Russia has agreed to a 48-hour humanitarian ceasefire in the divided Syrian city of Aleppo to allow aid deliveries, but security guarantees are awaited from other parties on the ground, UN officials said on Thursday.
The United Nations has been pushing for a weekly 48-hour pause in fighting in Aleppo to alleviate suffering for some 2 million people, with major powers backing opposing sides in Syria’s five-year-old civil war.
“We have…agreement now from the Russian Federation for the 48-hour pause, we’re waiting (for) it from the other actors on the ground. That has taken more time frankly than I thought was needed,” said Jan Egeland, who chairs the weekly UN humanitarian task force, told a news briefing in Geneva.
Egeland’s boss, U.N. Special Envoy for Syria Staffan de Mistura, said: “But we are ready, trucks are ready and they can leave anytime we get that message.”
He refused to take questions, but his comments appeared to refer to rebel groups supported by Western and Gulf powers opposed to the government of Syrian President Bashar al-Assad, whose main external supporter is Russia.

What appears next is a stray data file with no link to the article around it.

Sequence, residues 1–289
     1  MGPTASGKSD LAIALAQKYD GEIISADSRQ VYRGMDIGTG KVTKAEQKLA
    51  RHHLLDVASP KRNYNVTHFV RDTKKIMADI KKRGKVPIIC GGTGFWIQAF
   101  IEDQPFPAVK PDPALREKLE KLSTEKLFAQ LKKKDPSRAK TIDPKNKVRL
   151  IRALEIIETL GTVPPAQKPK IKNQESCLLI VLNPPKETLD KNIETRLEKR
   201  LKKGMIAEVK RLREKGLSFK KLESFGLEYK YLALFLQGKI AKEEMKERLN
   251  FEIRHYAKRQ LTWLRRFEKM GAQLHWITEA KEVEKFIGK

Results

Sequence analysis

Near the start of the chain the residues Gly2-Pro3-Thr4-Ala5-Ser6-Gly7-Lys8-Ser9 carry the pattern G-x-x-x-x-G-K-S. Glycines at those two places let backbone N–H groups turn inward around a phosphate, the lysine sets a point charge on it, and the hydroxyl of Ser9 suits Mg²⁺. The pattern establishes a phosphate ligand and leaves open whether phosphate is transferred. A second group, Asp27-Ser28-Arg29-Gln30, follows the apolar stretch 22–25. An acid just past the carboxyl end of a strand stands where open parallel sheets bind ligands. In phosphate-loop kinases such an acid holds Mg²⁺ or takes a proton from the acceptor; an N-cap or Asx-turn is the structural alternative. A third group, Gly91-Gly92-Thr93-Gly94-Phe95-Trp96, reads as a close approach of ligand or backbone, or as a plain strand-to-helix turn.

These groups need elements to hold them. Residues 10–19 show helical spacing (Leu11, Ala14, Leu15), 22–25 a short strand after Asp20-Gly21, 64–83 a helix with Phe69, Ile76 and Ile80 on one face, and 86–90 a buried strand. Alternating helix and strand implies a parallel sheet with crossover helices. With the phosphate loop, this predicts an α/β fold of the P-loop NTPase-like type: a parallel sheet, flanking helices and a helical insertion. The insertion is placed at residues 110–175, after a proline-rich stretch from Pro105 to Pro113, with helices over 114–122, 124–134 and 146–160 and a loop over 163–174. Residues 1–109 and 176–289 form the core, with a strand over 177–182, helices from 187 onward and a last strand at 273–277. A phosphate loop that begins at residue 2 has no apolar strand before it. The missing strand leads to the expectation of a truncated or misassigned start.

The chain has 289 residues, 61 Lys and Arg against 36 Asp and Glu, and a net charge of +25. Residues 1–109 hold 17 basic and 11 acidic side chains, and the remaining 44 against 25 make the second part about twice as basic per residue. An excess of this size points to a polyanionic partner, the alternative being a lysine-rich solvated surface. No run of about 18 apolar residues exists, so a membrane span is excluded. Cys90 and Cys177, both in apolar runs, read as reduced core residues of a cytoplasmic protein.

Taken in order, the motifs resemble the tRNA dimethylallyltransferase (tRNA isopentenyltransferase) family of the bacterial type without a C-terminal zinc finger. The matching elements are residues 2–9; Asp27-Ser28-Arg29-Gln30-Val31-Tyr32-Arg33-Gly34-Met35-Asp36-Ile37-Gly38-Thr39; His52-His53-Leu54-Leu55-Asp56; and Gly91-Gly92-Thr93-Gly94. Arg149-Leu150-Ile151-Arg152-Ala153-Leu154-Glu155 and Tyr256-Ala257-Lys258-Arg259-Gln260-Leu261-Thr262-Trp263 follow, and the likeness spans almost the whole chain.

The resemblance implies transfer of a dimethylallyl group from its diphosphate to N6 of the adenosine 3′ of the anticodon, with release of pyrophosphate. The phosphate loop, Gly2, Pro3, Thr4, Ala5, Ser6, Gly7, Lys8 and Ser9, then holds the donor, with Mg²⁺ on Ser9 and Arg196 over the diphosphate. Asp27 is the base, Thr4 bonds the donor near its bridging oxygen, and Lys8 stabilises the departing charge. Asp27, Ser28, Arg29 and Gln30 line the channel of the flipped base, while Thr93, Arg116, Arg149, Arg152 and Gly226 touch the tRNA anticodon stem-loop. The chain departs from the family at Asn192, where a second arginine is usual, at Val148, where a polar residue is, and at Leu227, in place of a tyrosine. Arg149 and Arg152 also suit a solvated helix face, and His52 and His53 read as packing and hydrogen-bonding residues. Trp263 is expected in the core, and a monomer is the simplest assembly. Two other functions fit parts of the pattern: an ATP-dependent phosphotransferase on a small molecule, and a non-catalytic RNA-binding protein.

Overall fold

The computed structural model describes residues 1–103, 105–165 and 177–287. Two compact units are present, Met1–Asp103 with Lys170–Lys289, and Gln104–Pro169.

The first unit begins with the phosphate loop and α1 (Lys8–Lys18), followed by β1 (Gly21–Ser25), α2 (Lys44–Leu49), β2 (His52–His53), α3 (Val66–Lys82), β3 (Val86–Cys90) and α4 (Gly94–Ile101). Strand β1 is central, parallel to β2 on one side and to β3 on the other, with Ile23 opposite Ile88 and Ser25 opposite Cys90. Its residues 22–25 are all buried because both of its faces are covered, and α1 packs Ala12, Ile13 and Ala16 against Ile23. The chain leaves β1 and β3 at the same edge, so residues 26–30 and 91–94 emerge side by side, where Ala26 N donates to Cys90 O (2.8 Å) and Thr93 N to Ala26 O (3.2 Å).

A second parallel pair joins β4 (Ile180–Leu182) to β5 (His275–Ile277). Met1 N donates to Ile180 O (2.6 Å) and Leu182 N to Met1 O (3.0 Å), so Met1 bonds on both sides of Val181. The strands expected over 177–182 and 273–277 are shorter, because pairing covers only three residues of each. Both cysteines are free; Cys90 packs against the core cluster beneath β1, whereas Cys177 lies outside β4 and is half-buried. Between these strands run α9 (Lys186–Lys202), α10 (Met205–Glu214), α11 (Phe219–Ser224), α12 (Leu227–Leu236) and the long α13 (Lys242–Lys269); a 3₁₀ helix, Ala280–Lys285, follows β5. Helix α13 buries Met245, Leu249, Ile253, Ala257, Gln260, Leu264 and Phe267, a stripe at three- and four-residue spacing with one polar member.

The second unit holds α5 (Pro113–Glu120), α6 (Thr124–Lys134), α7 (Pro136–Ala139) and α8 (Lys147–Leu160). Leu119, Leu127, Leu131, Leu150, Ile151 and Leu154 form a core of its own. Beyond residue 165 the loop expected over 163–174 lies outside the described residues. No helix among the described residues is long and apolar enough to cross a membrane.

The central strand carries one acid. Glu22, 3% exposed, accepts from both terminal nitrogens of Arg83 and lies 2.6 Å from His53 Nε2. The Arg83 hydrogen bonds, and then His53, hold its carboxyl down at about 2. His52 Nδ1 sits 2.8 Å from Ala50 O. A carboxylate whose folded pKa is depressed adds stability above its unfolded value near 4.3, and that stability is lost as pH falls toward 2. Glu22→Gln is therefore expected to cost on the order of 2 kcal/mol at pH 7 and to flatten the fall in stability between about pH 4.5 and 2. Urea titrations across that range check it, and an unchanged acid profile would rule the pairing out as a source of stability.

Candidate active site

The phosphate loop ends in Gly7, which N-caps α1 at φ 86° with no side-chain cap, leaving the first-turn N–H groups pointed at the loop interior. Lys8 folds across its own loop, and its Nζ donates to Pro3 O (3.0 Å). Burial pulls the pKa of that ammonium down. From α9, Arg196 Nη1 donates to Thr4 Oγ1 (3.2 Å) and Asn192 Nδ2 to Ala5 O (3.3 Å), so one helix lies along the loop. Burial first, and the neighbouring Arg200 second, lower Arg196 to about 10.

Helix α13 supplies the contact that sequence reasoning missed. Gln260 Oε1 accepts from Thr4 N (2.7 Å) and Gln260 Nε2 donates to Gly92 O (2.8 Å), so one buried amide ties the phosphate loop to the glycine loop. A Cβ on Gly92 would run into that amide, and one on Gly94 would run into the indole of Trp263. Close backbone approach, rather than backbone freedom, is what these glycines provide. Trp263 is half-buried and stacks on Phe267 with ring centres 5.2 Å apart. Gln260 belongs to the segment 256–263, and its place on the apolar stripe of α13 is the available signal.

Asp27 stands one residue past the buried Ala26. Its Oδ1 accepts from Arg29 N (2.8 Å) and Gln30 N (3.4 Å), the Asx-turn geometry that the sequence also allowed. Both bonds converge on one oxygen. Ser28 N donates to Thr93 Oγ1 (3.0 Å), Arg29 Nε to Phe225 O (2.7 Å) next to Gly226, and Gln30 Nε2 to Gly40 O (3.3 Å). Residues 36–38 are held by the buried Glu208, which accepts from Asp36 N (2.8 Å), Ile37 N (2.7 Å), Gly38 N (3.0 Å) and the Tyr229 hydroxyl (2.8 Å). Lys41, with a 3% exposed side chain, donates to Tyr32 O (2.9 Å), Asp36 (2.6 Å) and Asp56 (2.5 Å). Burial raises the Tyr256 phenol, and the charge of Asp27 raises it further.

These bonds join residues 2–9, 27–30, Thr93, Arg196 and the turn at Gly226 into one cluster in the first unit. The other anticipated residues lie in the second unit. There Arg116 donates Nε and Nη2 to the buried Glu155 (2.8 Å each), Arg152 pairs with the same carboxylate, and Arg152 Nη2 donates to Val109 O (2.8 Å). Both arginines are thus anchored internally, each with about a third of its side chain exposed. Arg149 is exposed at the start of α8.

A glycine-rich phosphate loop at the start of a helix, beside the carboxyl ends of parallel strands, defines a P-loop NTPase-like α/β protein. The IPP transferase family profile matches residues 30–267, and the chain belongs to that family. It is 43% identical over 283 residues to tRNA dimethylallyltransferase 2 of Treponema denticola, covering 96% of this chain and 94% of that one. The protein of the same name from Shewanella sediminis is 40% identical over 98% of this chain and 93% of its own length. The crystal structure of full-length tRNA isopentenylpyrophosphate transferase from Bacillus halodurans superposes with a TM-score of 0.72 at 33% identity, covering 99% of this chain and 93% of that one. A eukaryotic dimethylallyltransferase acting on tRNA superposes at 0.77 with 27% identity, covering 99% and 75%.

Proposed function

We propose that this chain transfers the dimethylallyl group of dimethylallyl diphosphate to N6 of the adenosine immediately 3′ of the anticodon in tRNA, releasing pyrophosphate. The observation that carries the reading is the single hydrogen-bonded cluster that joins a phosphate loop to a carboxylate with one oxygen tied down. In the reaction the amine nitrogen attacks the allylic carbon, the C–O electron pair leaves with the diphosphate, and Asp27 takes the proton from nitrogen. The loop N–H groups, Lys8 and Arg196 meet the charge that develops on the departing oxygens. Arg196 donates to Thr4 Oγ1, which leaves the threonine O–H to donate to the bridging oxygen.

On Aug. 19, the main umbrella group for the Syrian opposition cautiously welcomed a proposal for a weekly 48-day truce in Aleppo to allow aid to reach besieged areas, provided this would be monitored by the United Nations.
De Mistura has been trying to bring government and opposition representatives back to the negotiating table this month to revive a shattered ceasefire and end the war. He said he awaited Friday’s meeting between U.S. Secretary of State John Kerry and Sergei Lavrov in Geneva before commenting further.
“Those meetings taking place outside of this (UN) office here in Geneva are going to have an impact certainly on the way we will be (working) and I plan to present what are the political initiatives of the U.N. in order to relaunch the political process on Syria,” de Mistura said.
Egeland said the UN relief plan for Aleppo entailed simultaneous deliveries of food to the rebel-held east and government-controlled west, as well as “cross-line repair” of the electrical system in the “disputed south” that powers water pumping stations serving 1.8 million people.
“They are united in this longing for water and this suffering without water,” Egeland said. “So we have now everything ready, we have discussed how the trucks will be sealed, how they be monitored, how we can guarantee that it is only humanitarian supplies going into these combat zones.”
(Reporting by Stephanie Nebehay; Editing by Mark Heinrich)
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